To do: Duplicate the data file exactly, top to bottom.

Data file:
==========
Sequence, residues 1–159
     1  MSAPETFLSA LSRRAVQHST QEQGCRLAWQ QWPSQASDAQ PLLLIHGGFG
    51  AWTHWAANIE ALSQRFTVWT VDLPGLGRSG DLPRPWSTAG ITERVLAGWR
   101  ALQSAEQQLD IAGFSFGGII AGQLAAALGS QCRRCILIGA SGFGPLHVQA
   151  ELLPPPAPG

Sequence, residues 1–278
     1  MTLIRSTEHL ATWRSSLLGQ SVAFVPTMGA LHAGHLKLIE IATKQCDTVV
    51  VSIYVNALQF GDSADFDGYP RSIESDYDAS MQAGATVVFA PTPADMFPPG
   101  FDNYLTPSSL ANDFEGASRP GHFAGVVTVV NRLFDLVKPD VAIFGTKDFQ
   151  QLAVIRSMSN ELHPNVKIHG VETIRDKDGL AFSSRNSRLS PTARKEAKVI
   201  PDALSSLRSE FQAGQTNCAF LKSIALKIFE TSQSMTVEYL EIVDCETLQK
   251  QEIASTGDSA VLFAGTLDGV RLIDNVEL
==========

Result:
Sequence, residues 1–159
     1  MSAPETFLSA LSRRAVQHST QEQGCRLAWQ QWPSQASDAQ PLLLIHGGFG
    51  AWTHWAANIE ALSQRFTVWT VDLPGLGRSG DLPRPWSTAG ITERVLAGWR
   101  ALQSAEQQLD IAGFSFGGII AGQLAAALGS QCRRCILIGA SGFGPLHVQA
   151  ELLPPPAPG

Sequence, residues 1–278
     1  MTLIRSTEHL ATWRSSLLGQ SVAFVPTMGA LHAGHLKLIE IATKQCDTVV
    51  VSIYVNALQF GDSADFDGYP RSIESDYDAS MQAGATVVFA PTPADMFPPG
   101  FDNYLTPSSL ANDFEGASRP GHFAGVVTVV NRLFDLVKPD VAIFGTKDFQ
   151  QLAVIRSMSN ELHPNVKIHG VETIRDKDGL AFSSRNSRLS PTARKEAKVI
   201  PDALSSLRSE FQAGQTNCAF LKSIALKIFE TSQSMTVEYL EIVDCETLQK
   251  QEIASTGDSA VLFAGTLDGV RLIDNVEL